NEW ORLEANS, Louisiana -- NOAA tomorrow will reopen 4,213 square miles of Gulf of Mexico federal waters off Louisiana, Mississippi and Alabama to royal red shrimping. The area was closed to this type of deep water fishing on Nov. 24 as a precautionary measure after a commercial shrimper discovered tar balls in his net. The "fingerprint" analysis to determine whether the source of the tar balls was the Deepwater Horizon/BP oil was inconclusive. Further fish and shrimp sampling and testing from the area showed no oil or dispersant contamination.
This reopening was announced after consultation with the U.S. Food and Drug Administration. All commercial and recreational fishing is allowed within this area.
"Extensive testing of royal red shrimp and other fish from this area revealed they are safe to eat," said Roy Crabtree, assistant NOAA administrator for NOAA's Fisheries Service southeast region. "Seafood safety and consumer confidence remain a priority for NOAA, and we will continue monitoring Gulf seafood for as long as necessary to ensure its integrity."
NOAA continues to work closely with the FDA and the Gulf states to ensure seafood safety. Additionally, the agency is continuing its post-spill broad-scale seafood sampling strategy that includes sampling seafood from inside and outside the closure area.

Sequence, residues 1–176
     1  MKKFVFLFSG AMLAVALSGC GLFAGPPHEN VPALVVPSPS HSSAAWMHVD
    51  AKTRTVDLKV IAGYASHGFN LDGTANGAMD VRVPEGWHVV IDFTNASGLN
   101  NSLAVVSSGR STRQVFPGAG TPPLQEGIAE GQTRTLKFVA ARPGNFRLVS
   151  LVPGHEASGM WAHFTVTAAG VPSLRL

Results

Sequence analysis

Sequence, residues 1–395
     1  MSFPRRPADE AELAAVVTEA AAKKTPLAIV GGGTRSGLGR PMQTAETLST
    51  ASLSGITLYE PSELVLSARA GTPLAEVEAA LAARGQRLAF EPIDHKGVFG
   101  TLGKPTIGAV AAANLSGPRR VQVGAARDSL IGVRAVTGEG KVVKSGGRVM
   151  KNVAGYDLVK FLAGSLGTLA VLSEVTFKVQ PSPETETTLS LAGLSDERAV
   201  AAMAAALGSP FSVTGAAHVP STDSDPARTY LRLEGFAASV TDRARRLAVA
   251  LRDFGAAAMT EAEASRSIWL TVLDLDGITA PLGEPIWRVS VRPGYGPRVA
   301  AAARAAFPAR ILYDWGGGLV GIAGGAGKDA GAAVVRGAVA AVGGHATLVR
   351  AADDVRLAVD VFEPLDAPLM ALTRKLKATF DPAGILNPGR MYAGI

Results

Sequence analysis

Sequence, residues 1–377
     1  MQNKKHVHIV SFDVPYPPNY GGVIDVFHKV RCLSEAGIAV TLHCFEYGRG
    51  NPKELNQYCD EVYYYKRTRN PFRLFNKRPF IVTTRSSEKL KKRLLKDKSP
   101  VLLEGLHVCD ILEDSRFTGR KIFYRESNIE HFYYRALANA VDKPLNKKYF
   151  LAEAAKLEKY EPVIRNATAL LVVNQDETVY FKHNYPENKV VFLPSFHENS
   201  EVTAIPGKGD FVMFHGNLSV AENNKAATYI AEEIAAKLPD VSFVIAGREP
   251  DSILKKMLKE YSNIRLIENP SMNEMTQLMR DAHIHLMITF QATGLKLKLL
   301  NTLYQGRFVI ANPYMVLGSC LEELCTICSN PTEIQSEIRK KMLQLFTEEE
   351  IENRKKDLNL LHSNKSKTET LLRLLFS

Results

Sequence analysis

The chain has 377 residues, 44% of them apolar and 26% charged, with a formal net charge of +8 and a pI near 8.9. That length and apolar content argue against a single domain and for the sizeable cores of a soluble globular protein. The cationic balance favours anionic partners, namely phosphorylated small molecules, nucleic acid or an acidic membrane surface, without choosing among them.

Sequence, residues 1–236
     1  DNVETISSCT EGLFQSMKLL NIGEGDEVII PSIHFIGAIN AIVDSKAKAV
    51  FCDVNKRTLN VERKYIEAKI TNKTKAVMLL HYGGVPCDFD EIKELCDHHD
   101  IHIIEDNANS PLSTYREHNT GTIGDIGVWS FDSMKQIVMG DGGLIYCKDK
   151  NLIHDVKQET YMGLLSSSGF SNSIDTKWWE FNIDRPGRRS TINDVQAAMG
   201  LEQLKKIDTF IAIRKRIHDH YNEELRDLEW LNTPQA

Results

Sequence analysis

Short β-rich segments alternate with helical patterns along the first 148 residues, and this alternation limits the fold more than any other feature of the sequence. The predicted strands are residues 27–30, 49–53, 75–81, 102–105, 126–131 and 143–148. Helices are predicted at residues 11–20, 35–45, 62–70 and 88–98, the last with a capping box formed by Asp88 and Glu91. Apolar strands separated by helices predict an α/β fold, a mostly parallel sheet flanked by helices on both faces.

To date, all seafood tested by NOAA and FDA post-spill demonstrates seafood is safe for consumption. Results from the sensory analysis found no detectable oil or dispersant odors or flavors, and results from the chemical analysis for oil-related compounds and dispersants were well below the levels of concern.
Royal red shrimp are caught in Gulf waters deeper than 600 feet and are the only shrimp species targeted with trawls at these depths. The more common Gulf shrimp species are brown, white and pink shrimp, and are caught in waters less than 300 feet deep. NOAA has not received reports of tar balls in fishing catches at shallower depths in this area.
These waters were initially closed to all commercial and recreational fishing last summer because of the Deepwater Horizon/BP oil spill and were reopened to all fishing on Nov. 15 after hundreds of seafood specimens sampled from the area, including royal red shrimp, passed both sensory and chemical testing. An area covering 1,041 square miles immediately surrounding the wellhead still remains closed to all commercial and recreational fishing. The fishing area closure was first instituted on May 2, at which time it covered about 3 percent (6,817 square miles) of Gulf waters around the wellhead. As oil continued to spill from the wellhead, the area grew in size, peaking at 37 percent (88,522 square miles) of Gulf waters on June 2.
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